Posts Tagged ‘neglect’

Zilch. Zero. Nada.

Every year, between 133 million and 275 million children witness domestic violence in their home. What should this number be? Zilch.

In the United States, EACH DAY four children die as a result of child abuse or child neglect. How many children should die because of this? Zilch.

In the United States, four women per day are killed by someone who is supposed to love them and honor them. How many of these women should be killed? Zilch.

In the United States, 78% of the child fatalities due to child abuse and/or neglect are are a direct result of the parents. What should this number be? Zilch.

The statistics go on and on and on.

What can YOU do? Listen and watch for opportunities to make a difference in your community. Is there an election involving domestic violence, child abuse, elder abuse, or any other kind of abuse in your area? If so, speak up. Vote. Make a difference. Local communities need to do what they can do to make a difference. They can set up shelters, community centers, and inform the public. You can help make that happen. If you know someone who is being abused, you can help support them through it. You can make a difference in their life. You can help inform them. You can help make an escape plan. You can.

Until the statistics reach “zilch” we have to keep on working toward that number, doing anything we can to help the problem; to help the victims; to make survivors out of victims.

For the rest of the posts in this series, click here.

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Jasmine is 9. She loves school, especially her language arts class because her teacher, Miss Gregory, has a lot of creative writing assignments and Jasmine loves creative writing. She is writing the story of her life.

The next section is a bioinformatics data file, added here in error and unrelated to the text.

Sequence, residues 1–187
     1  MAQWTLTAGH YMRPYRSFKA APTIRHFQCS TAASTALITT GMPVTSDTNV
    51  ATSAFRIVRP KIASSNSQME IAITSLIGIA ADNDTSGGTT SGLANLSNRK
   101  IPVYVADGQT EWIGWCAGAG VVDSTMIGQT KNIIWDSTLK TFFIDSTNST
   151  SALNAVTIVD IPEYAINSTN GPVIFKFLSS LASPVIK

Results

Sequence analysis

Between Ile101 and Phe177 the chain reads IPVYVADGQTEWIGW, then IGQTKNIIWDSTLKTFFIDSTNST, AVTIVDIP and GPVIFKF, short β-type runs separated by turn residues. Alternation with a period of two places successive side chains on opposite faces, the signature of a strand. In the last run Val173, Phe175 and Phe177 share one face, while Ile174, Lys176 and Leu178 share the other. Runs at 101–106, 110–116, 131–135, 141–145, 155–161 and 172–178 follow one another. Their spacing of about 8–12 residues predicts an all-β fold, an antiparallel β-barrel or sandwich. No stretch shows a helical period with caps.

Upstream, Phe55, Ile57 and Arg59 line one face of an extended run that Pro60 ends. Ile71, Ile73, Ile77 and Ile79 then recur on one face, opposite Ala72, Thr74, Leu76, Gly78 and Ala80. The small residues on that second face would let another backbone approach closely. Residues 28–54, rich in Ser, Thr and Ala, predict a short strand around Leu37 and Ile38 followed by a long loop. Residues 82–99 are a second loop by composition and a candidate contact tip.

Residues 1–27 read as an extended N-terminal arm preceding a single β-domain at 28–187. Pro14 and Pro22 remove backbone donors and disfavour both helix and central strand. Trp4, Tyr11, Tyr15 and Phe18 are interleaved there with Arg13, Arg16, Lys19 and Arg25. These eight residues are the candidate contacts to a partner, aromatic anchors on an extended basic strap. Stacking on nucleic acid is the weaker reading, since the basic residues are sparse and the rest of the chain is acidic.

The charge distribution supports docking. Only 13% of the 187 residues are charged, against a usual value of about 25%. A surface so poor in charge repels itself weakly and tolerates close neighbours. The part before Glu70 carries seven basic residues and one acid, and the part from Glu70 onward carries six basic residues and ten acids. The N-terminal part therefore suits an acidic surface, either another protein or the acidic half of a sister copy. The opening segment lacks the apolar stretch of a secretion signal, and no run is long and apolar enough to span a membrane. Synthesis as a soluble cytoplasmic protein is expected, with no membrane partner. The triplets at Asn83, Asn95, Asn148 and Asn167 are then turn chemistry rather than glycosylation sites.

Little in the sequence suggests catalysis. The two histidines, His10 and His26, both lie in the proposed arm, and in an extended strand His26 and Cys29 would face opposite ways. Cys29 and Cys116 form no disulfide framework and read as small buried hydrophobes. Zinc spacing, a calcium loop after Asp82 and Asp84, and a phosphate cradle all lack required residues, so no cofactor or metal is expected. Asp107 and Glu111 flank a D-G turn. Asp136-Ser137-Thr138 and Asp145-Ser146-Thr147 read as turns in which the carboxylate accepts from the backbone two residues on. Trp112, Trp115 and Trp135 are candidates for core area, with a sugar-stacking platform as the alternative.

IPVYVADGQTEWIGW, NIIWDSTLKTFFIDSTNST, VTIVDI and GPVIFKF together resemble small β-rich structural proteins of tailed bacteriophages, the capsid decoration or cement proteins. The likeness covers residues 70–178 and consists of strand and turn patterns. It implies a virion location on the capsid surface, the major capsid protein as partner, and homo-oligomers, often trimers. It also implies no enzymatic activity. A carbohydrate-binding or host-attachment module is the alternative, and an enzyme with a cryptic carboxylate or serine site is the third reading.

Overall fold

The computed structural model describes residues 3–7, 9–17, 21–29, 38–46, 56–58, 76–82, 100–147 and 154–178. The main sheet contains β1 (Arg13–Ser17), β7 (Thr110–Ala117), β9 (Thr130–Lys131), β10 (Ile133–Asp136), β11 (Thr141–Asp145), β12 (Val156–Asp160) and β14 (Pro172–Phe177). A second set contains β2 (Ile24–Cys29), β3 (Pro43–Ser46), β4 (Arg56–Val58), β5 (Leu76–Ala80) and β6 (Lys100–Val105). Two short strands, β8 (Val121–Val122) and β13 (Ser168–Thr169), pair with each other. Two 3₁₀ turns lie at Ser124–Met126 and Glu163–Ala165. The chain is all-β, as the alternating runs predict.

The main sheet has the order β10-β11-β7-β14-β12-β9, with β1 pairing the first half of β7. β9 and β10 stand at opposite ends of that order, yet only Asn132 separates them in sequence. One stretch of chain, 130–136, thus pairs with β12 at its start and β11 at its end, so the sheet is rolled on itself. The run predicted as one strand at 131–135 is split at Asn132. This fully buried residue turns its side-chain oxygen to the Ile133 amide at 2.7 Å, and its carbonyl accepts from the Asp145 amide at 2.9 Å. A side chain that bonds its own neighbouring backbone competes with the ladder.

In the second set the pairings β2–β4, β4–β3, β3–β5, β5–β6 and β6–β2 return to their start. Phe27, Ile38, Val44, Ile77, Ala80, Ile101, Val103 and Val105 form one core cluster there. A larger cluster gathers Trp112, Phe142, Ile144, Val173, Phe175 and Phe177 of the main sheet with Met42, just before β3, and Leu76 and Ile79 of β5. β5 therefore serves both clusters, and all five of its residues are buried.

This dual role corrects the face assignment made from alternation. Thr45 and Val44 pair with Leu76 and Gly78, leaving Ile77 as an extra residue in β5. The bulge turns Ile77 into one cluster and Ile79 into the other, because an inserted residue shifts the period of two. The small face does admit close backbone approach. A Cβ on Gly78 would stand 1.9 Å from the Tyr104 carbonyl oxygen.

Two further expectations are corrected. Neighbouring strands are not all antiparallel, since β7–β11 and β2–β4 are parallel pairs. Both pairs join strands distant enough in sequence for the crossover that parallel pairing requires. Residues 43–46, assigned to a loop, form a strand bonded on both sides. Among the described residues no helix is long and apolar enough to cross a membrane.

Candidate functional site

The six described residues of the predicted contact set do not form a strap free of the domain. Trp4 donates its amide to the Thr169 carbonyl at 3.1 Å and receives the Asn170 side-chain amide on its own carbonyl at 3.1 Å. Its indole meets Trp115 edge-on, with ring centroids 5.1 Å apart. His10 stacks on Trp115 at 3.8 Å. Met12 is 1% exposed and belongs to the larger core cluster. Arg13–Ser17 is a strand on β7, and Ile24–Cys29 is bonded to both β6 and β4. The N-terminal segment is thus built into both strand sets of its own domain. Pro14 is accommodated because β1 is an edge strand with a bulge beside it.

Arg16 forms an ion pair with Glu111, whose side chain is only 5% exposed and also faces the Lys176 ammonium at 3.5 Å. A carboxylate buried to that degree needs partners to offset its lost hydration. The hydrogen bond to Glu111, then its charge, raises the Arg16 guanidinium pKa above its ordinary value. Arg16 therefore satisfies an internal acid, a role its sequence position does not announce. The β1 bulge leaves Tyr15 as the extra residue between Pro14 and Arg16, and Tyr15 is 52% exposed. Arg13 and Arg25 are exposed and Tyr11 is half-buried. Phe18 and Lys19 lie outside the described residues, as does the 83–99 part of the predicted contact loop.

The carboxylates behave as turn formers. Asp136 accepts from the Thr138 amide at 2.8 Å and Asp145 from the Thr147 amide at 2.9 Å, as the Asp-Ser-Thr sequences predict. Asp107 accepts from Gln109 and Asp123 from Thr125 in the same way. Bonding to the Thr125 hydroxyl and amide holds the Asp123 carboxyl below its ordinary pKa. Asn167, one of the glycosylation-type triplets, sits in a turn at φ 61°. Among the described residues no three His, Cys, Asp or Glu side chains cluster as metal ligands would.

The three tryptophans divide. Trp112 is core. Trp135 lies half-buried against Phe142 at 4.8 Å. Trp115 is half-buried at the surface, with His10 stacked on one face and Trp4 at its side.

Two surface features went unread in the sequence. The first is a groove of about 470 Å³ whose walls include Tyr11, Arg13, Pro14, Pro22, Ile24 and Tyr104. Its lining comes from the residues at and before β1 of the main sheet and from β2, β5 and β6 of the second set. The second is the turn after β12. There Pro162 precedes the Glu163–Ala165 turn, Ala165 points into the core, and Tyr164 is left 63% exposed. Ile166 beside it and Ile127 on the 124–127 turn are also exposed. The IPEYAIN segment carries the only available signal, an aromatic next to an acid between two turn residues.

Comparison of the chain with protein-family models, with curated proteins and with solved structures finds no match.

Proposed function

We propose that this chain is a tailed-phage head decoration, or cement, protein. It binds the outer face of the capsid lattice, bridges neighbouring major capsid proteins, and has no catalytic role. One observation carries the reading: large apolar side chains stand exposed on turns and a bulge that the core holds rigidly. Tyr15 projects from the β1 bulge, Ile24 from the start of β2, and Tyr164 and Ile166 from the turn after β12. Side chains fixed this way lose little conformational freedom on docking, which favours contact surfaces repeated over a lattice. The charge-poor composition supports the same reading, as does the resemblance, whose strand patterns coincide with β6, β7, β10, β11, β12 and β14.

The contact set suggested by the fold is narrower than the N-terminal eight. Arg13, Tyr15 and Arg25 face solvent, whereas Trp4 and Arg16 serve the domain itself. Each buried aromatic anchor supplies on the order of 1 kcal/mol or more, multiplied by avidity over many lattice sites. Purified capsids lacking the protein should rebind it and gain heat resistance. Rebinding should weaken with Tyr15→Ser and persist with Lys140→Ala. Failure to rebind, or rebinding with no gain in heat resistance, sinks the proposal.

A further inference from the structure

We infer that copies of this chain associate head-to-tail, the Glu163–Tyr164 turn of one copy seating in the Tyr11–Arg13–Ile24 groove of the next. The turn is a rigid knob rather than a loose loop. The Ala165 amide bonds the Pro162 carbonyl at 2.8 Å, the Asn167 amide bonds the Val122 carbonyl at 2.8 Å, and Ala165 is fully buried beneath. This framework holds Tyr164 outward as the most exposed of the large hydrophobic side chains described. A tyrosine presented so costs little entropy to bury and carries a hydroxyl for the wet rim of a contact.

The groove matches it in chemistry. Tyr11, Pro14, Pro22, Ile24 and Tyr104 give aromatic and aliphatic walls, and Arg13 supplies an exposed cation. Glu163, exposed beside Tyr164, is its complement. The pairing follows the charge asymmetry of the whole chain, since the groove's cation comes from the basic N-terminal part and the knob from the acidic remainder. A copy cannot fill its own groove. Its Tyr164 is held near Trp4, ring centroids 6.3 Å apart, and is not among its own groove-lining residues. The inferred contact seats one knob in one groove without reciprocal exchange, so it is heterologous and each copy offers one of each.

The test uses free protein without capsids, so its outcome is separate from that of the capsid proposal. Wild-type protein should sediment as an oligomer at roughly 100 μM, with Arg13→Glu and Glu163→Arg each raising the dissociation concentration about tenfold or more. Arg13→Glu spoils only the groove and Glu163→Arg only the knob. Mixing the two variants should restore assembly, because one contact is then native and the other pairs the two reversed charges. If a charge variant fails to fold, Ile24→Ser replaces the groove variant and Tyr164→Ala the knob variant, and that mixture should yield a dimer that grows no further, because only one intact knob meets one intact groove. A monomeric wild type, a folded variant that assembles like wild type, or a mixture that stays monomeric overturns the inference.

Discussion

Today, she is at home, not at school. She couldn’t go to school because her mother is asleep and can’t get up to take care of Jasmine’s little brother, Danny. Danny is almost 5. Sometimes, when her mom goes out at night, Jasmine takes care of Danny. Her mom doesn’t believe in spending money on a babysitter. Most of the time, her mom gets home very, very late and Jasmine has to help her mom get to bed. That’s when Jasmine knows her mom will be too sick and sleepy to take care of Danny so Jasmine knows she will be staying home.

Jasmine doesn’t like to stay home and miss school but it’s okay because she doesn’t want Danny to be alone all day while their mother sleeps. Besides, it gives her a chance to wash her clothes. Jasmine doesn’t have a lot of school that still fit her. Her shoes are tight, too, but her mom says there is no money for shoes or clothes so Jasmine has to wash her clothes every day after school or she will have to wear it dirty. Sometimes, when she’s at home with Danny and their mom is in her room, Jasmine wonders why her mom can’t get money for clothes and shoes for her and Danny at the same place her mom gets money to buy clothes that fit her and money to go out and to drink and come home sick. Oh well, Jasmine will stay home and take care of Danny this year but next year Danny will be in school so Jasmine won’t have to stay home. She hopes her mom will have money for clothes for Jasmine next year because Jasmine is growing very fast. She doesn’t want to have to stay home all the time again.